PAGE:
Ethiopian journalist awarded in US for her push for press freedom in ethnically polarised nation

Ethiopian journalist awarded in US for her push for press freedom in ethnically polarised nation


An Ethiopian journalist presented an award by the United States has sounded the alarm over media freedom in her country, which Secretary of State Antony Blinken is visiting visit.

Meaza Mohammed, the founder of the online network Roha TV, was honoured at the White House on Wednesday on International Women’s Day as part of a group receiving International Women of Courage awards.

Introducing her, White House Press Secretary Karine Jean-Pierre said that Meaza “shares stories of those who are often silenced.”

“Despite three arrests in under one year, she continued to raise her voice, advocating for survivors of gender-based violence and urging accountability for crimes committed against them,” Jean-Pierre said.

In an interview with AFP, Meaza said that authorities also raided her outlet and seized everything from her office.

“This award is a big thing for me – not only for me, but for the women out there in my country,” she said. “Because in my country, having a media (outlet) or working in (the) press is very dangerous, very difficult.”

Internet platforms, including YouTube, Facebook, Telegram and TikTok, have been inaccessible in Ethiopia since February 9.

The shutdown came after a dispute within the Ethiopian Orthodox Church led to calls for demonstrations against Prime Minister Abiy Ahmed. The issue was resolved but the sites remain down.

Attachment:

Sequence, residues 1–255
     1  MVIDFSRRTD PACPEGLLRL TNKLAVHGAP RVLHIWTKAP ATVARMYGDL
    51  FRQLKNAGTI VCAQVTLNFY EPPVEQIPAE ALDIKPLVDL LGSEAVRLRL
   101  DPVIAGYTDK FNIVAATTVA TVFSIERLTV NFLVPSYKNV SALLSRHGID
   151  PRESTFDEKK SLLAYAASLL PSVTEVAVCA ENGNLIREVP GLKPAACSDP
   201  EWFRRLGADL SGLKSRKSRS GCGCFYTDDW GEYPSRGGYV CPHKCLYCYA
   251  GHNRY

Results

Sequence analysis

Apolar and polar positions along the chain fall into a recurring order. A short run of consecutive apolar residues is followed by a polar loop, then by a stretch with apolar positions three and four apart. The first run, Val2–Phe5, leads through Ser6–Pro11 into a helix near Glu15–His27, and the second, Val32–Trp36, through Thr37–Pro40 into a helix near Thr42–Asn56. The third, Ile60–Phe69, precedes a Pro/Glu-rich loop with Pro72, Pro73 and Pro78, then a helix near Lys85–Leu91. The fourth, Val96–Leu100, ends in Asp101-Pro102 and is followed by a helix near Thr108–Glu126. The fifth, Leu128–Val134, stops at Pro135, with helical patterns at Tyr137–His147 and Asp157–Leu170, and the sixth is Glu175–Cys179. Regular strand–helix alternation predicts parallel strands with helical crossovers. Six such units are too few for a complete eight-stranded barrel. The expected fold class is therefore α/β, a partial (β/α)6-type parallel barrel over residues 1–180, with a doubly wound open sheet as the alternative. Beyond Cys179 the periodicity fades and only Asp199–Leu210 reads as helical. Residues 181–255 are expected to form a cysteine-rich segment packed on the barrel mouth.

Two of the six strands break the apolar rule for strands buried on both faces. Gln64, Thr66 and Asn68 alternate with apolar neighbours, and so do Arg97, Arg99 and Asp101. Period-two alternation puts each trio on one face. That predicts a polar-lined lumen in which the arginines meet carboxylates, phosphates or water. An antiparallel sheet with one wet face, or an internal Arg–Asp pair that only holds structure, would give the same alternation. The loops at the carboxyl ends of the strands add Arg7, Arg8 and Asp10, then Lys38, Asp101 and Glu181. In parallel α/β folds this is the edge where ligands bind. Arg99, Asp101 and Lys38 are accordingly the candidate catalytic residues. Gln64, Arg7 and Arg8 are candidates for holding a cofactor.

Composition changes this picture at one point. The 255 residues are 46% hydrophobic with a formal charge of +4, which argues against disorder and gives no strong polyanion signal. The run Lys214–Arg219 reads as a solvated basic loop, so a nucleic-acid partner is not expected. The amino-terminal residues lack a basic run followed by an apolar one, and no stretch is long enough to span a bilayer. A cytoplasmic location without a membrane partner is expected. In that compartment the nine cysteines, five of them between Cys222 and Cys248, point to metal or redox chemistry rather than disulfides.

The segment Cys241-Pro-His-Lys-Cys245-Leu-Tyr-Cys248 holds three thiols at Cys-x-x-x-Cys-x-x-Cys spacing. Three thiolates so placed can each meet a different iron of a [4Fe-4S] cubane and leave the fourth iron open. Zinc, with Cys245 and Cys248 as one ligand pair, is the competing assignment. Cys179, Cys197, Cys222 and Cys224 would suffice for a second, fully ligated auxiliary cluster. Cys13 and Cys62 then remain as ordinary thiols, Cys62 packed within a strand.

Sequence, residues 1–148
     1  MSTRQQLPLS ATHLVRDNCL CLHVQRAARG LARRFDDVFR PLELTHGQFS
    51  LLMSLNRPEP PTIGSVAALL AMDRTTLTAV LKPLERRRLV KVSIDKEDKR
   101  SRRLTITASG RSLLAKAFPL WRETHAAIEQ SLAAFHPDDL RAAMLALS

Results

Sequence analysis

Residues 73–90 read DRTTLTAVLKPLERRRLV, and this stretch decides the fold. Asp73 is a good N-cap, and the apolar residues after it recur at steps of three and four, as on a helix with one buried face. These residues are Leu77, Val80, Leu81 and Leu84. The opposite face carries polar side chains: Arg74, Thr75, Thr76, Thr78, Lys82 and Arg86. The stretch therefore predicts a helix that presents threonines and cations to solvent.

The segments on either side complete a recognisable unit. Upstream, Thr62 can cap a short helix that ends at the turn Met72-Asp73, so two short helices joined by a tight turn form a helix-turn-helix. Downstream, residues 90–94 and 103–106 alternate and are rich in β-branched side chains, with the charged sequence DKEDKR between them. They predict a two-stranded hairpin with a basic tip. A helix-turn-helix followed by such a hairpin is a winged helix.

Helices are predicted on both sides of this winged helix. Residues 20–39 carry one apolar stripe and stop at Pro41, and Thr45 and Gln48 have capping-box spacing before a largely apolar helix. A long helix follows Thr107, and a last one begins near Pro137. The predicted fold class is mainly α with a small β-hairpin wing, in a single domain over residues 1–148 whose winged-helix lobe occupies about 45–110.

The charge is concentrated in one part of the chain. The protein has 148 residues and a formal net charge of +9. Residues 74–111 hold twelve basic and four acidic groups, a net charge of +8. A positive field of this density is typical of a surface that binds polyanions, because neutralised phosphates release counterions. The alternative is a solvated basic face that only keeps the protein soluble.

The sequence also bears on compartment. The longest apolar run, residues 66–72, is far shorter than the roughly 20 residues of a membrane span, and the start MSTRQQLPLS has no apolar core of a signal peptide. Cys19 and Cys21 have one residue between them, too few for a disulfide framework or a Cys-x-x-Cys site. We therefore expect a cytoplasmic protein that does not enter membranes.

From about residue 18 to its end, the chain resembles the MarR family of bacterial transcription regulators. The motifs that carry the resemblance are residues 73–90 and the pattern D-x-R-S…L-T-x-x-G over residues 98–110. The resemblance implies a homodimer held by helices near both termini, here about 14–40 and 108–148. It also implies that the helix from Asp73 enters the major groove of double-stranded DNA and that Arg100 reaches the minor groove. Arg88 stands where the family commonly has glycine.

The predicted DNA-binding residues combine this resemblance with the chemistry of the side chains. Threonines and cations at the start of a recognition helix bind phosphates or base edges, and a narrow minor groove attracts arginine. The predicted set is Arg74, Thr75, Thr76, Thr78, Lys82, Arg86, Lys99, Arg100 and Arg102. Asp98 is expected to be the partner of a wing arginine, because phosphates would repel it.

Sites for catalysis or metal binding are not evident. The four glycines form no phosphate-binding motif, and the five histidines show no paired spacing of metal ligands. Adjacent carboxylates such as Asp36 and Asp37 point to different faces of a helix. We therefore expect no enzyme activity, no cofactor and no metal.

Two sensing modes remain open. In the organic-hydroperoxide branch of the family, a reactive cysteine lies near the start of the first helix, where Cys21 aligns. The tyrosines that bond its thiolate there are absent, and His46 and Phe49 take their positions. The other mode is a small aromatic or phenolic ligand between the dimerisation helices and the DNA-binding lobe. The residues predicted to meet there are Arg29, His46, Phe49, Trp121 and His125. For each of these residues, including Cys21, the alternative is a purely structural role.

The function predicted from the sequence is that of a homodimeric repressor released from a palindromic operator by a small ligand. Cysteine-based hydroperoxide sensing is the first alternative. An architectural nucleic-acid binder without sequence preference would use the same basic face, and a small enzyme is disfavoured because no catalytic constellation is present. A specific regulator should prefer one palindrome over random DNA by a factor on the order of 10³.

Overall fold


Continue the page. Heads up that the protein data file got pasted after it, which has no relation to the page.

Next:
The northern region of Tigray, the scene of an armed conflict with the federal government, was largely deprived of telecommunications for the two-year duration of the war. Blinken is due in Ethiopia on Wednesday on the highest-level US visit since the war with plans to encourage the peace process.

Meaza came to prominence for her campaign for answers over the kidnapping in late 2019 of a group of students whose fate remains unknown.

The students belong to Ethiopia’s second largest ethnic group, the Amhara, and Meaza has been accused in some quarters of a pro-Amhara tilt in the ethnically diverse nation where questions of identity have become increasingly incendiary.

Speaking in Washington, Meaza denounced “ethnic cleansing” against the Amhara, who have long held privileged positions in Ethiopia’s economic, political and cultural life. An Amhara militia known as the Fano has also been accused of numerous abuses.

  • An AFP report
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